In 1919, Polish mathematician Theodor Kaluza proposed that the existence of a fourth spatial dimension.The idea, later refined by the Swedish mathematician Oskar Klein, was that space consisted of both extended and curled-up dimensions. The extended dimensions are the three spatial dimensions that we're familiar with, and the curled-up dimension is found deep within the extended dimensions and can be thought of as a circle.
To extend the curled-up space to include these added dimensions, imagine that spheres replace the Kaluza-Klein circles.
It turns out that, before superstring theory existed, two mathematicians, Eugenio Calabi of the University of Pennsylvania and Shing-Tung Yau of Harvard University, described six-dimensional geometrical shapes that superstring theorists say fit the bill for the kind of structures their equations call for. If we replace the spheres in curled-up space with these Calabi-Yau shapes, we end up with 10 dimensions: three spatial, plus the six of the Calabi-Yau shapes, plus one of time.
PBS/NOVA-Imagining Other Dimensions


Kaluza-Klein circles

Kaluza-Klein circles
Kaluza-Klein circles
The circles represent an additional spatial dimension that is curled up within every point of our familiar three-dimensional space.
To extend the curled-up space to include added dimensions, imagine that spheres replace the Kaluza-Klein circles


Six-dimensional Calabi–Yau manifold

Six-dimensional Calabi–Yau manifold
Six-dimensional Calabi–Yau manifold
If we replace the spheres in curled-up space with these Calabi-Yau shapes, we end up with 10 dimensions: three spatial, plus the six of the Calabi-Yau shapes, plus one of time


The Elegant Universe

The Elegant Universe
The Elegant Universe
Eleven dimensions, parallel universes, and a world made out of strings? It's not science fiction, it's string theory. Bestselling author and physicist Brian Greene offers a tour of this seemingly strange world in “The Elegant Universe,” a three-hour Peabody Award-winning miniseries.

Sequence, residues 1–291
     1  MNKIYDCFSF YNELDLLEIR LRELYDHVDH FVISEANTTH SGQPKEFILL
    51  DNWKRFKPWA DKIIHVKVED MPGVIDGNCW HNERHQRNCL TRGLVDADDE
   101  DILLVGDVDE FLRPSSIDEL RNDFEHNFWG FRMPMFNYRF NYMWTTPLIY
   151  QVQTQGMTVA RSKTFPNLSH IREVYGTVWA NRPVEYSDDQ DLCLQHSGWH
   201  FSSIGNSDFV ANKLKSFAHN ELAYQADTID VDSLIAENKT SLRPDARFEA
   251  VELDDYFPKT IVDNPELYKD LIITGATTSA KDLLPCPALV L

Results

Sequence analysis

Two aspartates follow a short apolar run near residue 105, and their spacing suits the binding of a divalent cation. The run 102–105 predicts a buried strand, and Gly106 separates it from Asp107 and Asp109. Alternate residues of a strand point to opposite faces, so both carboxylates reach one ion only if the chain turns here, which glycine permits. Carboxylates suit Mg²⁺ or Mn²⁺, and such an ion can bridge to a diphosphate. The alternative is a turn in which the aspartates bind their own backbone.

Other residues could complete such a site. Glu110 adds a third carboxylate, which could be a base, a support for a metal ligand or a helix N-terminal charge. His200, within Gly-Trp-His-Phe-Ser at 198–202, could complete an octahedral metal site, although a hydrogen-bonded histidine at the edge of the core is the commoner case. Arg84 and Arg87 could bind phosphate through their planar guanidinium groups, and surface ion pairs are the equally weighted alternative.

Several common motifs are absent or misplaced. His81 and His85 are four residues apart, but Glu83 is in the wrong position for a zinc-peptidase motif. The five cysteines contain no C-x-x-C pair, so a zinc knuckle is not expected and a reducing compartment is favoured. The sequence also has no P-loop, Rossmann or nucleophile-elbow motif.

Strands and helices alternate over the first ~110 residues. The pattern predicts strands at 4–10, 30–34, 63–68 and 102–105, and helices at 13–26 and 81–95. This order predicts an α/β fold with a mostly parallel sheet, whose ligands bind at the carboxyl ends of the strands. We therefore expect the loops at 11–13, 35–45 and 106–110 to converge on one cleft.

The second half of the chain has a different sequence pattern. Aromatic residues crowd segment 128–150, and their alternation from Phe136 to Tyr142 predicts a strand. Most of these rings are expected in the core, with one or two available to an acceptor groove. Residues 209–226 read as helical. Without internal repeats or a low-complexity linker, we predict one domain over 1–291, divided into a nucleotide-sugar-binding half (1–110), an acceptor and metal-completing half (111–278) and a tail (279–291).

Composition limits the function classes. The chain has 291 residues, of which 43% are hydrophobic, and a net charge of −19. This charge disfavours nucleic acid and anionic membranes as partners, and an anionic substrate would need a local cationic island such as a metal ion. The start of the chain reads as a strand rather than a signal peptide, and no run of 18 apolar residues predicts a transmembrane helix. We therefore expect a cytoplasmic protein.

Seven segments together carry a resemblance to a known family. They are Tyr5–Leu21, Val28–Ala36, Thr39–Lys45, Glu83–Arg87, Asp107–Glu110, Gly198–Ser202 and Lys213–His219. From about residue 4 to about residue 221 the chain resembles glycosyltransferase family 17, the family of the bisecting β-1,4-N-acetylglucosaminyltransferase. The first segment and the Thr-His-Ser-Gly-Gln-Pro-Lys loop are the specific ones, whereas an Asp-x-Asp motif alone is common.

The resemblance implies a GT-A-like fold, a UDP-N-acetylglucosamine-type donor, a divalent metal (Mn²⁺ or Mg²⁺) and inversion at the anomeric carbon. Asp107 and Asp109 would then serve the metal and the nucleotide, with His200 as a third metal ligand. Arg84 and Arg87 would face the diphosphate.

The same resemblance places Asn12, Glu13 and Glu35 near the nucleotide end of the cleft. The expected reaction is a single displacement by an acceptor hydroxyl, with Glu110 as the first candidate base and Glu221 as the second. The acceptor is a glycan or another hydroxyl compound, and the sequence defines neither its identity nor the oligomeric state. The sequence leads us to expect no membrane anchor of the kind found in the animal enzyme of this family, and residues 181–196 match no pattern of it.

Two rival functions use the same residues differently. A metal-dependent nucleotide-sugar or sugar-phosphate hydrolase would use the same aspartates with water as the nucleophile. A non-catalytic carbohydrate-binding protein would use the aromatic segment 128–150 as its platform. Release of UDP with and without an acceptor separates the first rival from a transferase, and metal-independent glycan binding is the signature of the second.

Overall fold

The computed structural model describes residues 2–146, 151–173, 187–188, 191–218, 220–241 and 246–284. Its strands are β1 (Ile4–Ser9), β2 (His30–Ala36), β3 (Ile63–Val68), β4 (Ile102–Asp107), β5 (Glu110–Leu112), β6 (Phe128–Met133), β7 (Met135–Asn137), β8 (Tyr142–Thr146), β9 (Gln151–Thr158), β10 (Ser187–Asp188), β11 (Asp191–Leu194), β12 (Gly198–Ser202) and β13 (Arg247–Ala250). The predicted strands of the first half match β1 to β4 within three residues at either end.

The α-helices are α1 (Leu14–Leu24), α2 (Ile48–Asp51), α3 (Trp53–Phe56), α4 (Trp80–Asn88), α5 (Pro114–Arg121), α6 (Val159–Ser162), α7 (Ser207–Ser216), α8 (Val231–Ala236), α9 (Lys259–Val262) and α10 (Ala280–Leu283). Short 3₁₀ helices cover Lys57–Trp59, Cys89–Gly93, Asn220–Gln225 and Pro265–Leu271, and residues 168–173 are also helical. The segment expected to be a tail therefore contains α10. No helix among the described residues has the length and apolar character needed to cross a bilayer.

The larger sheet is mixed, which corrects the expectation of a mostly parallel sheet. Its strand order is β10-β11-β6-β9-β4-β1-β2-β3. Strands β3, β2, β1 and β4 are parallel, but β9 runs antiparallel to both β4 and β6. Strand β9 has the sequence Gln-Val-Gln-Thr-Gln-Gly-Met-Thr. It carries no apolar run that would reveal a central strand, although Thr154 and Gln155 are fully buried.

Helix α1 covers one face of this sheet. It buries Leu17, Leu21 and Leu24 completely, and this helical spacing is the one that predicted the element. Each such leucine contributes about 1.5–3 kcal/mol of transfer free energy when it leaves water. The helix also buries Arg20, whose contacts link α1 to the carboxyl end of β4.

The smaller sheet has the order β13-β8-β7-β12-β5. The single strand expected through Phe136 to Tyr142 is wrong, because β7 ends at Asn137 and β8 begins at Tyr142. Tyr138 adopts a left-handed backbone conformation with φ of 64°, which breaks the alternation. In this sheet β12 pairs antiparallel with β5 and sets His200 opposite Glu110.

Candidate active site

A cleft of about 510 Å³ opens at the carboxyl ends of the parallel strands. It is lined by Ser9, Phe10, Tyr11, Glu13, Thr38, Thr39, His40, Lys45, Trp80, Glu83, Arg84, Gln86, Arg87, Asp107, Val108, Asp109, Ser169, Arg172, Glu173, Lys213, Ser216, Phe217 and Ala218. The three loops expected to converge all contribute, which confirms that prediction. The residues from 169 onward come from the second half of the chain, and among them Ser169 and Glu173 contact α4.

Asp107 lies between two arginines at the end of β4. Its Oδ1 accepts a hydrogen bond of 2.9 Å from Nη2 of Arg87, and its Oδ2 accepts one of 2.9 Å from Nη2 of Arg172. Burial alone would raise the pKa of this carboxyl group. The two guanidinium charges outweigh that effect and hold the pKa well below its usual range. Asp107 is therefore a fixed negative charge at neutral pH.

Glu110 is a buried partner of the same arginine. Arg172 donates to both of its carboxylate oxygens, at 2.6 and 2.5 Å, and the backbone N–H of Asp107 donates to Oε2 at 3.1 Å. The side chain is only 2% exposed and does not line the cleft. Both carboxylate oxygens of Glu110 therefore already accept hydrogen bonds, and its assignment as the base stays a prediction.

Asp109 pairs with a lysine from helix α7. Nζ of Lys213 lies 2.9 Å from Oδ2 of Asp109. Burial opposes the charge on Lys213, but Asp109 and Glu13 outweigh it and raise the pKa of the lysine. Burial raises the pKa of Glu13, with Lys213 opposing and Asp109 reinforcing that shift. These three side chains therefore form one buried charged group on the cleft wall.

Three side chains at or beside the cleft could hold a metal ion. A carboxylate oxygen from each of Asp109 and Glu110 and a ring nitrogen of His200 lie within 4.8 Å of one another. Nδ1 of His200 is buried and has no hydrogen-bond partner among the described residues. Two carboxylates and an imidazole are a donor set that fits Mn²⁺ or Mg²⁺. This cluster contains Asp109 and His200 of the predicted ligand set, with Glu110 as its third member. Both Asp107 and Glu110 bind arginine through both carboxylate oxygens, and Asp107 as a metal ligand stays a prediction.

M-theory

M-theory
M-theory
A schematic illustration of the relationship between M-theory, the five superstring theories, and eleven-dimensional supergravity. The shaded region represents a family of different physical scenarios that are possible in M-theory, and these last six theories arise as special limiting cases.



 

da Vinci
Leonardo da Vinci
Image source
da Vinci
Leonardo da Vinci
Image source

Multi-dimensional arts

“Principles for the Development of a Complete Mind:
1) Study the science of art.
2) Study the art of science.
3) Develop your senses, especially learn how to see.
4) Realize that everything connects to everything else...”
― Leonardo da Vinci


What are dimensions?

What are dimensions?
What are dimensions?


image source: What are dimensions?

Hyper dimensional street art in sao paulo

Hyper dimensional street art in sao paulo
Hyper dimensional street art


image source: onebigphoto.com/ raquel brust

Hyper Dimension, Super Famicom.

Hyper Dimension, Super Famicom
Dragon Ball Z


image source: www.tumblr.com

 

Share arts from Hyperdimensional Space Exploration Foundation

There are three sides to every story

three sides to every story
/_\   three sides to every story


image source: Hyperdimensional Space Exploration Foundation Supersillyus

The truth is out there.

A bridge to nowhere
A bridge to nowhere.


image source: Hyperdimensional Space Exploration Foundation Chris Lynch‎Glitch --> Artists Collective

 

Parallel universe arts


Fantasy dimension: Sci-Fi art of Dawid Michalczyk.

Dream flights

Dream flights
Dream flights


Chase

Chase
Chase


Someplace cold

Someplace cold
Someplace cold


Metaphysical Journey

Metaphysical Journey
youtube video: Metaphysical Journey



 

Fantasy universe arts


Walking in Universe

Walking in Universe
Walking in Universe


image source: hdwallpaperexpert.com

Unknown Universe

Unknown Universe
Unknown Universe


image source: hdwallpaperexpert.com

Universe Voyage

Universe Voyage
Universe Voyage


image source: hdwallpaperexpert.com

Universe Scenery

Universe Scenery
Universe Scenery


image source: hdwallpaperexpert.com

 

Universal Nature

Universal Nature
Universal Nature


image source: hdwallpaperexpert.com

Universe Door

Universe Door
Universe Door


image source: hdwallpaperexpert.com

Universal Glow

Universal Glow
Universal Glow


image source: hdwallpaperexpert.com

Universe Impact

Universe Impact
Universe Impact


image source: hdwallpaperexpert.com